Google Analytics

Tuesday, March 8, 2011

Can I just stay here?

Vacation, getaways, sojourns...they all describe a break from reality, a time when we can simply forget about things for a while.  If you have not taken one in a while, I strongly recommend you do, it does amazing things for your mental health and well-being.  There are however, some people who live life as if every day is a vacation, they refuse to deal with the situations around them.  They retreat from the world hoping everything will go away.  

There are many a time when I wish I could do just that, live as if nothing was amiss in my world, as if everything was just sunshine and roses.  Yet I wonder, what would I miss out on, what would I not see or understand, what lessons would I not learn and what strengths and gifts would I lack.  We need not only the sunshine but the rain as well, we need the clear skies and the cloudy, we need it all in order to become who we are.  Each storm in our life makes us more prepared for the next one.  

Grief is one of the storms very few of us can avoid, and I have learned that death and dealing with death never truly prepares us for the next loss, but it helps.  Each death is met with emotions, feelings, and it's magnitude is reflected by what this person means to you, and how much you love them.  The death of my father was difficult, after all that's my 'dad,' but my daughter's death goes beyond anything I can explain.  Anyone who has lost a child knows full well what I mean, it is a deep wrenching of our hearts, it goes beyond any pain one could ever imagine.  Yet so many of us survive, so many of us go on, and even if we take a break from reality for a while (I was home a year after Rachel's death); we pick ourselves up, and manage to go on.  

There are as many ways of coping and dealing with grief, as there are people.  Each one of us has our own very unique way of working through the bereavement, mourning and grief.  Some of us face it head on and try to find our way through the entire 'process.'  Others will put on a brave front and hope they don't come crashing when reality sets in.  While still others will try not to deal with it at all, or are not given the opportunity to grieve.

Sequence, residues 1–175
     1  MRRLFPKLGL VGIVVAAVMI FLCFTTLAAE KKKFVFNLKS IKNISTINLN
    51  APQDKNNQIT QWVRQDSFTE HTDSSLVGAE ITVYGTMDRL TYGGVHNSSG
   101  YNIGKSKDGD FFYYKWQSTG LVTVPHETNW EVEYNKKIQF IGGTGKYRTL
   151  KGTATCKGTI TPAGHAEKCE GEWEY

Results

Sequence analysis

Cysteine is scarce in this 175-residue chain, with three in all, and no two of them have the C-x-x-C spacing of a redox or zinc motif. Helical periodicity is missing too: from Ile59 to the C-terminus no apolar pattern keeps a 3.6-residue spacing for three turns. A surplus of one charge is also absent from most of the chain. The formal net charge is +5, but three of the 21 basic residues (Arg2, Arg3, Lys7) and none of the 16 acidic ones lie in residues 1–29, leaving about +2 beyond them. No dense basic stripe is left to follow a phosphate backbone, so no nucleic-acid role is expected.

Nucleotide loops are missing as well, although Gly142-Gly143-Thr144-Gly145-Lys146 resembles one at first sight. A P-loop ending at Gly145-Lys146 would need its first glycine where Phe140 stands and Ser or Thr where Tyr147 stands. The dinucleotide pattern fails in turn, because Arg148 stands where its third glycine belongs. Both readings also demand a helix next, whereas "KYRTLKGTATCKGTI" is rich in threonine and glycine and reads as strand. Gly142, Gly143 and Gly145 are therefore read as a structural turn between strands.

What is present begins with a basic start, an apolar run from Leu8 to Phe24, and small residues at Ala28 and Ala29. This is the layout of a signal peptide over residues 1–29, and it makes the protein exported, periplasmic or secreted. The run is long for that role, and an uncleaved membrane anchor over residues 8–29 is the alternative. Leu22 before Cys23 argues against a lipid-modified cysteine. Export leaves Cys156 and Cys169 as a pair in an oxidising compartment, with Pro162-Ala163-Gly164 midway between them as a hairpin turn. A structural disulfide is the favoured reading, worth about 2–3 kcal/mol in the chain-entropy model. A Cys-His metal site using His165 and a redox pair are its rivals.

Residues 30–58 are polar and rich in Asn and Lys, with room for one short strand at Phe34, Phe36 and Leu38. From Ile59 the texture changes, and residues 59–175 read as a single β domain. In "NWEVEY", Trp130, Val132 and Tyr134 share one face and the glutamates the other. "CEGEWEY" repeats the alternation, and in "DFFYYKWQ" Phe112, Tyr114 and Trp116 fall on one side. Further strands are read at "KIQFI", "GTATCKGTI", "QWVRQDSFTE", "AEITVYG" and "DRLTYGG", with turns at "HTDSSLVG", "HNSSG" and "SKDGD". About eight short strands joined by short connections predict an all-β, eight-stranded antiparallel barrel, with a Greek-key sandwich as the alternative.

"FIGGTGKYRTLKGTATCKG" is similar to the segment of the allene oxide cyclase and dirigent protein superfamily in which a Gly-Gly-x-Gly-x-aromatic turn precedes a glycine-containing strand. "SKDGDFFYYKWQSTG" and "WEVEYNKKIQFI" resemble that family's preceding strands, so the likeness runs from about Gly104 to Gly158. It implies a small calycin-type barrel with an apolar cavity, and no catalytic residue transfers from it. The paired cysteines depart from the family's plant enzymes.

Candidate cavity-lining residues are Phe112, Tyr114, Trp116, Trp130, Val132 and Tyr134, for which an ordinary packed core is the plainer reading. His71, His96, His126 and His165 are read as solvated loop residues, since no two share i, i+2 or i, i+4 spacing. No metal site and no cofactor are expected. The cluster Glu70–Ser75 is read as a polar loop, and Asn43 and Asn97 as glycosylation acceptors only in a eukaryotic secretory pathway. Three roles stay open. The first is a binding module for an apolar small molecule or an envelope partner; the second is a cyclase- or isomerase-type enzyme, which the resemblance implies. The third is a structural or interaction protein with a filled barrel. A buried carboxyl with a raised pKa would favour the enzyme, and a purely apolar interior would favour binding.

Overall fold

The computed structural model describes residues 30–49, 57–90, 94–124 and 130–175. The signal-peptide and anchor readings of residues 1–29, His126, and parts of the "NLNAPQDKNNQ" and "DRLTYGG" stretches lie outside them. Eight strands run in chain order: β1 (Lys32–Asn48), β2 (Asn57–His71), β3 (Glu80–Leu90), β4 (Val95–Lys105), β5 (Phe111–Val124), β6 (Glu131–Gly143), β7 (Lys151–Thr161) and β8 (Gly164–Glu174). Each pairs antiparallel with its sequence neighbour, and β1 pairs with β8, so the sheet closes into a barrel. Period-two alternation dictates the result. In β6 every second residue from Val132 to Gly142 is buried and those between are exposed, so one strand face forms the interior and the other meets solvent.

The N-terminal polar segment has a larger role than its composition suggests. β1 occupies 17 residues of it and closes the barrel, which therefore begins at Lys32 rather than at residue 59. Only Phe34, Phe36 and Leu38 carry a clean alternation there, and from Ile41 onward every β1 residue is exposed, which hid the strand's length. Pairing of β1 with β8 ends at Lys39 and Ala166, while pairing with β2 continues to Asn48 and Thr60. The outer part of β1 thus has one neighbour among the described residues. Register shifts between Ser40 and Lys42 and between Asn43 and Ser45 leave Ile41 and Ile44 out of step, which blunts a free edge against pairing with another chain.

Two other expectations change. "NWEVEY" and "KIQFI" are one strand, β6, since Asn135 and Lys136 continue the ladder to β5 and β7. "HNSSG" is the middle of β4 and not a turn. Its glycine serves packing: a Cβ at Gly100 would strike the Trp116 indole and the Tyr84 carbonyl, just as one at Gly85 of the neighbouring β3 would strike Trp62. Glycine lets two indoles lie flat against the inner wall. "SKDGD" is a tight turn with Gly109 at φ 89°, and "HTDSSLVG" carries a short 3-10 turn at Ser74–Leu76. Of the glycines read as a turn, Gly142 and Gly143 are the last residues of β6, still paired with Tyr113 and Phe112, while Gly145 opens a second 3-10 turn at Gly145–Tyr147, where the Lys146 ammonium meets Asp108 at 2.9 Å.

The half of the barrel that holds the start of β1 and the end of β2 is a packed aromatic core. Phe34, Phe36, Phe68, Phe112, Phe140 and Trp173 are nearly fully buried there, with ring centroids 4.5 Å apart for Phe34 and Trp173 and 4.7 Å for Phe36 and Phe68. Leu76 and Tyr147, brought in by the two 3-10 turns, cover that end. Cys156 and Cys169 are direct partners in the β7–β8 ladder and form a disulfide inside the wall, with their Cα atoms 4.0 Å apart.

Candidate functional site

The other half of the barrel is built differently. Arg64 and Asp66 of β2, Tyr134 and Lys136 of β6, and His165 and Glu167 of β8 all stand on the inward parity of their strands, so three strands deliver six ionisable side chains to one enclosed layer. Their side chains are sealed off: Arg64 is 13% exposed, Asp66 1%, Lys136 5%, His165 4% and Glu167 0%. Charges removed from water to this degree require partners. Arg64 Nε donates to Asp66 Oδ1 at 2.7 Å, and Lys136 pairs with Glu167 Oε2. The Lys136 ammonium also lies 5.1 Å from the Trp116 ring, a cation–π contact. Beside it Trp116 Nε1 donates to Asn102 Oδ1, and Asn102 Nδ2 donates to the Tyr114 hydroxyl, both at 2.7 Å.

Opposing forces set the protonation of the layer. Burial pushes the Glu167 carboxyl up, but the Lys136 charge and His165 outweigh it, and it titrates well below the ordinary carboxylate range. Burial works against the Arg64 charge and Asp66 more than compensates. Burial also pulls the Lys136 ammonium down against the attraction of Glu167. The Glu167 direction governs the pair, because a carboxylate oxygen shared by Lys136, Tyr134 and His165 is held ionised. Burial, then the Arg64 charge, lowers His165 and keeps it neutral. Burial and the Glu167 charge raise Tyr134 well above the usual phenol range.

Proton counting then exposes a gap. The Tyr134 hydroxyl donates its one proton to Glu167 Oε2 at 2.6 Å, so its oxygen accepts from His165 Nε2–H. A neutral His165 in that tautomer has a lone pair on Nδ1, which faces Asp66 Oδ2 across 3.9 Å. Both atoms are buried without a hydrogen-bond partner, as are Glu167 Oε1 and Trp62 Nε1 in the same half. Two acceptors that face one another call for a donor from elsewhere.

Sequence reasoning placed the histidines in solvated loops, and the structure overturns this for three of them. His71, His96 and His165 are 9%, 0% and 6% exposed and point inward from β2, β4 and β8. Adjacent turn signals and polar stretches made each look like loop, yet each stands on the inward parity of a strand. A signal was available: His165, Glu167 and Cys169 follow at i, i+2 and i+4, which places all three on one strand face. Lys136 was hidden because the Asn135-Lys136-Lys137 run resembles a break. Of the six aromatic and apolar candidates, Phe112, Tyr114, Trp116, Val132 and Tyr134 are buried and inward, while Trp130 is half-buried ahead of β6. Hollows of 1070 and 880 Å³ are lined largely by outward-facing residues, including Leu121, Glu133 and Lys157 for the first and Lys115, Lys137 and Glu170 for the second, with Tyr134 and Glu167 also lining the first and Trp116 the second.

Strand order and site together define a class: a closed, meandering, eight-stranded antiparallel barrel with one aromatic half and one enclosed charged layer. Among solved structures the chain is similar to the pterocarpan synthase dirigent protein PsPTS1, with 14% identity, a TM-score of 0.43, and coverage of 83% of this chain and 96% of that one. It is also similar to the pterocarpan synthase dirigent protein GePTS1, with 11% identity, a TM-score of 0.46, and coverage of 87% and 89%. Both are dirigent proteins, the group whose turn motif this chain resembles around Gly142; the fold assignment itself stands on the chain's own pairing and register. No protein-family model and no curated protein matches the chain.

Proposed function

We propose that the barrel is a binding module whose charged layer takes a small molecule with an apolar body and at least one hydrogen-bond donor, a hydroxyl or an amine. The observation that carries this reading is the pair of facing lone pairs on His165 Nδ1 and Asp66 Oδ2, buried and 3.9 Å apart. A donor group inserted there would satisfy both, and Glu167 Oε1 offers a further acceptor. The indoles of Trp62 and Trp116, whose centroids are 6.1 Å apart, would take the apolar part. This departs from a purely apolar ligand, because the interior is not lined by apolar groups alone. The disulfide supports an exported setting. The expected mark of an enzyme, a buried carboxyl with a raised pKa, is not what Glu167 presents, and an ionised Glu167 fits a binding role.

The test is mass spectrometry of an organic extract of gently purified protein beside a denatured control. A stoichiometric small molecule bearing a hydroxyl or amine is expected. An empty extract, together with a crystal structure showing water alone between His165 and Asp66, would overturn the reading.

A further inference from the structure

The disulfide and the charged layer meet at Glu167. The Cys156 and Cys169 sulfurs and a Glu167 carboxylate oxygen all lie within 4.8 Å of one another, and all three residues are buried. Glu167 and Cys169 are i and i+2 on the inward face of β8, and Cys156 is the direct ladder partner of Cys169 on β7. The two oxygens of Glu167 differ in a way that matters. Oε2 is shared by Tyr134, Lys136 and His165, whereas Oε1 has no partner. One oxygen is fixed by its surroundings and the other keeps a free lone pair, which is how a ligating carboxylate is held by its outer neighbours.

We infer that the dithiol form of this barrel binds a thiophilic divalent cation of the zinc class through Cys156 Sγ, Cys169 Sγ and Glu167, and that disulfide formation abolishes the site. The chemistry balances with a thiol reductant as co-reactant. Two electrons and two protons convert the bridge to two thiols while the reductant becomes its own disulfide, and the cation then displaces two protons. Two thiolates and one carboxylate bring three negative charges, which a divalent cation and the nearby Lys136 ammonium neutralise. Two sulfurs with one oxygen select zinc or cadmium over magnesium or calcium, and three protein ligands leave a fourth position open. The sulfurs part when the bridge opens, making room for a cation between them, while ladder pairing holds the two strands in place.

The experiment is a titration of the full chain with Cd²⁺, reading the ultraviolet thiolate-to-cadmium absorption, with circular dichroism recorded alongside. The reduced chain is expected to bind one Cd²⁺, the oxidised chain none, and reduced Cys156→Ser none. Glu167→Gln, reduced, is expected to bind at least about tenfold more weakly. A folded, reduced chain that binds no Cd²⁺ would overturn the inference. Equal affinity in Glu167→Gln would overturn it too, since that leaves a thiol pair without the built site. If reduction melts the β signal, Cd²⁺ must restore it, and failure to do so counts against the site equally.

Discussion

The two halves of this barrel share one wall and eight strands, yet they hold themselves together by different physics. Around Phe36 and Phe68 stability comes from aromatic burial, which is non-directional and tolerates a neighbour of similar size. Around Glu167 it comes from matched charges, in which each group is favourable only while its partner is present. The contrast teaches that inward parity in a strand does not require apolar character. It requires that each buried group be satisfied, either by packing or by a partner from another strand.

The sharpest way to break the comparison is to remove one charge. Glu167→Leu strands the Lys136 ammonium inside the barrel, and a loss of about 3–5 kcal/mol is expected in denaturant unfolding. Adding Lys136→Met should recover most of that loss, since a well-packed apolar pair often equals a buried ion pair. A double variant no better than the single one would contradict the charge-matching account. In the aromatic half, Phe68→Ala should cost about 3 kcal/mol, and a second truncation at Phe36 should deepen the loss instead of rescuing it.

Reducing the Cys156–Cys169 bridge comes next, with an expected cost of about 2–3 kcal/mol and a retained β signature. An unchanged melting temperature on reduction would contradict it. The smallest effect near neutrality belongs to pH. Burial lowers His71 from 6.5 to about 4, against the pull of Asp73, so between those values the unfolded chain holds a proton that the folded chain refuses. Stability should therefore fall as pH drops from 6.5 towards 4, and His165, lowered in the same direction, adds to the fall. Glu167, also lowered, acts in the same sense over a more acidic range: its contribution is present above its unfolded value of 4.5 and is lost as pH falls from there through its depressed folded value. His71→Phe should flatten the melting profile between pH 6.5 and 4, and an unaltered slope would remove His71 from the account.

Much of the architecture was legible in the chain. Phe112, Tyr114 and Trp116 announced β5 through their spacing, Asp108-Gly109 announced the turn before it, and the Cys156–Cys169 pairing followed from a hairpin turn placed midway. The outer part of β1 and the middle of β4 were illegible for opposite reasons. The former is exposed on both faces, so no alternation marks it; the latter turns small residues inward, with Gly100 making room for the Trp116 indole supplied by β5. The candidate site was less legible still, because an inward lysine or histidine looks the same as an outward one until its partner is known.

What causes grief -- Love, dependency, expectations.  The more we loved them the more we hurt, the more we miss them, the harder it is to accept or understand.  Dependency - this person provided for our needs, we could rely on them to be there, they 'completed' us and made us feel whole, loved and cherished.  Expectation - we made so many plans, there were so many places we wanted to visit, so much we wanted to accomplish, all vanished.  This was a person we valued, who meant so much to us, and now we are deprived of their love, their physical nearness, of them.  

Understanding the causes of grief, helps us to understand why so many of us find it hard to move on after the death of a loved one.  It is also because of these causes, that many refuse to deal with the grief at the time of death.  Looking at this and trying to understand my own grief and how others grieve, I decided to outline the different types of grief, and what they mean to the bereaved.